Private corporations offer shares of the company for sale to investors to generate funding. This brings a new player into the business, the shareholders. The relationship between a privately held corporation and its shareholders depends upon the corporate charter, shareholder agreements and shareholder provisions. However, most shareholders have common rights and a standard relationship to the corporation that they partially own.
The corporation as a whole has a duty to the well-being of the shareholders, as the shareholders are considered owners of the corporation. Typically, directors of the corporation are elected by the shareholders. The corporation is run for the benefit of the shareholders, who delegate their authority to directors and managers. The corporation is obligated to act in the best financial interest of the shareholders, but this is sometimes constrained by legal concerns or by other stakeholders such as consumers, employees and the general public.
Although the shareholders are the legal owners of the corporation, they have limited avenues to make decisions. Shareholder meetings offer an opportunity for the shareholders to review and vote on pertinent issues, but many decisions made by management are arbitrary and can’t be compared to other businesses in the industry. Information is often clouded for shareholders of privately held corporations because accounting doesn't have to follow rigid federal regulations that apply to publicly held companies. Chief executive officer pay, for example, is not restricted. Unlike public corporations, privately held companies do not have as many disclosure rules. Shareholders -- often family members, angel investors and those close to the owners -- are not as concerned with the day-to-day operations or accounting procedures as they are with profits.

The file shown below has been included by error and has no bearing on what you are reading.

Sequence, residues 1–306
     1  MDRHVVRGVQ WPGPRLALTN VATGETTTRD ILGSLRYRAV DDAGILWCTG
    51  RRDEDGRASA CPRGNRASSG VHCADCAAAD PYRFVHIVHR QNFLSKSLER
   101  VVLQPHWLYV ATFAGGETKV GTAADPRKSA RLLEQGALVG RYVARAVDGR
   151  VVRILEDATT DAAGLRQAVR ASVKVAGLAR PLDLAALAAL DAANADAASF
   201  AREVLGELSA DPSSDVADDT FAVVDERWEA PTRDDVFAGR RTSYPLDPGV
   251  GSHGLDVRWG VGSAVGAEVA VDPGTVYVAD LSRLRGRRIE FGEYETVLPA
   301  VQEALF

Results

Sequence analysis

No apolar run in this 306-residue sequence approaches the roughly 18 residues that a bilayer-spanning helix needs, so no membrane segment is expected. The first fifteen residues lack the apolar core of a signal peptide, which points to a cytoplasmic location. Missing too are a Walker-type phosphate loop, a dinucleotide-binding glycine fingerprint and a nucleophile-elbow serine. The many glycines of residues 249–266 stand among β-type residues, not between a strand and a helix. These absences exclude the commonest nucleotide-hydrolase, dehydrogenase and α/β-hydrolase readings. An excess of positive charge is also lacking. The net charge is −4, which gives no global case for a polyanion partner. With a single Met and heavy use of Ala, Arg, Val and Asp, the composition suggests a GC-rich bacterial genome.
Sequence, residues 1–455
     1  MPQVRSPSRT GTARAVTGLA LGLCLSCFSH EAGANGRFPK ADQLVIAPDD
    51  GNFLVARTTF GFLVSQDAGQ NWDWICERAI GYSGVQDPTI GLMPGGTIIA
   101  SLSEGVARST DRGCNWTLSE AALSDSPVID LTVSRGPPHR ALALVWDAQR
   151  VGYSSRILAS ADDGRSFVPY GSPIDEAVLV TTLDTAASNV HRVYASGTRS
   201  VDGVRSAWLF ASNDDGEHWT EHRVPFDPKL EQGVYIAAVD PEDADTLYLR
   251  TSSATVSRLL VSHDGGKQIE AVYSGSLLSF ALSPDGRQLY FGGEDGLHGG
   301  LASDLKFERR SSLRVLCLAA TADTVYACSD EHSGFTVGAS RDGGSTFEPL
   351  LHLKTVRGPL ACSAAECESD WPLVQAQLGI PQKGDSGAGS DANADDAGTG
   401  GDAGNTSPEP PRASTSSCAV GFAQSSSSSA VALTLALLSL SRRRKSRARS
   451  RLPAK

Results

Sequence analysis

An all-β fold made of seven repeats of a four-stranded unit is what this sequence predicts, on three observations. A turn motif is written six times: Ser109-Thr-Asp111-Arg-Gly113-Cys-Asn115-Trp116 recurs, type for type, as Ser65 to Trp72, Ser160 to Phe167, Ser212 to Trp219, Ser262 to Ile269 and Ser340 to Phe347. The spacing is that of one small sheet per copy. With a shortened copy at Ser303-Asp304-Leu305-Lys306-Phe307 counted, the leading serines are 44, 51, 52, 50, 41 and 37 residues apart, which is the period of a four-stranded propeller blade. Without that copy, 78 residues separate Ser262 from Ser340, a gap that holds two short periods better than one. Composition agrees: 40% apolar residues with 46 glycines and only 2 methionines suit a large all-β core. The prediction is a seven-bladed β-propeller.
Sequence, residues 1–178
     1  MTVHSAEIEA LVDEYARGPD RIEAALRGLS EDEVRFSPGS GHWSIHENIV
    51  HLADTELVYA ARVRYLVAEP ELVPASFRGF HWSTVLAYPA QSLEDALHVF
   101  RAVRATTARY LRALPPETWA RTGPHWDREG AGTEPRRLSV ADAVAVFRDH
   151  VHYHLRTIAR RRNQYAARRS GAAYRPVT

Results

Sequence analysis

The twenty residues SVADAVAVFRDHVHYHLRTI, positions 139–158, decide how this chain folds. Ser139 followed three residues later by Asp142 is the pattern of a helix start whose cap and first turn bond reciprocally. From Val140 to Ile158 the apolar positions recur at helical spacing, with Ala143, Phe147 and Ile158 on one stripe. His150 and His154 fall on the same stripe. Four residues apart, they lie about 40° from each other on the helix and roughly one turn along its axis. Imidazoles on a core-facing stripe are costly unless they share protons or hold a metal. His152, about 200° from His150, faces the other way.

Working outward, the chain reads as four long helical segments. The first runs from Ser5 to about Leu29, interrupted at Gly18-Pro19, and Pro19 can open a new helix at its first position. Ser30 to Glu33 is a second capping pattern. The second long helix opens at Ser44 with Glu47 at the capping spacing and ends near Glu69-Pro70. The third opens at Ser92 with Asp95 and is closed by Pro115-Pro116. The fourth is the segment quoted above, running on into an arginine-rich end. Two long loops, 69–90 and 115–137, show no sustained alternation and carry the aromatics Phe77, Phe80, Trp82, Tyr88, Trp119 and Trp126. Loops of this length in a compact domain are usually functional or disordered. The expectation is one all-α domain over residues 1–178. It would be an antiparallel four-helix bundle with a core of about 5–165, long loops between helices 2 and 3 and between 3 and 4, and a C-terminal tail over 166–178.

Although the corporation is obligated to its shareholders, this can become murky legal territory. Corporations are defined as legal persons, and upper management is primarily obligated to act in the corporation’s best interest as it is defined in its charter. Primary shareholders in private companies often are upper management as well. So while the company has the goal of maximizing profits and shareholder values, the board of directors can take its own initiatives. This is usually not an issue at private firms, except when the board of directors takes actions that harm the other shareholders’ value in the short term, with a view to long-term gain.
Shareholders of privately held corporations can vote out directors if they can garner a majority. The shareholders own the corporation, while the managers control and direct it. However, this does not take account of the power that shareholders derive from ownership and voting rights. Although shareholders who don’t hold management positions do not have any rights to directly formulate corporate policy, they do have the right to elect or refuse to re-elect directors to run the corporation. They are free to organize and choose directors from their own ranks, meaning that while outside shareholders as a group may not have the right to formulate policy, they can exercise decisive control over how policy is made and carried out.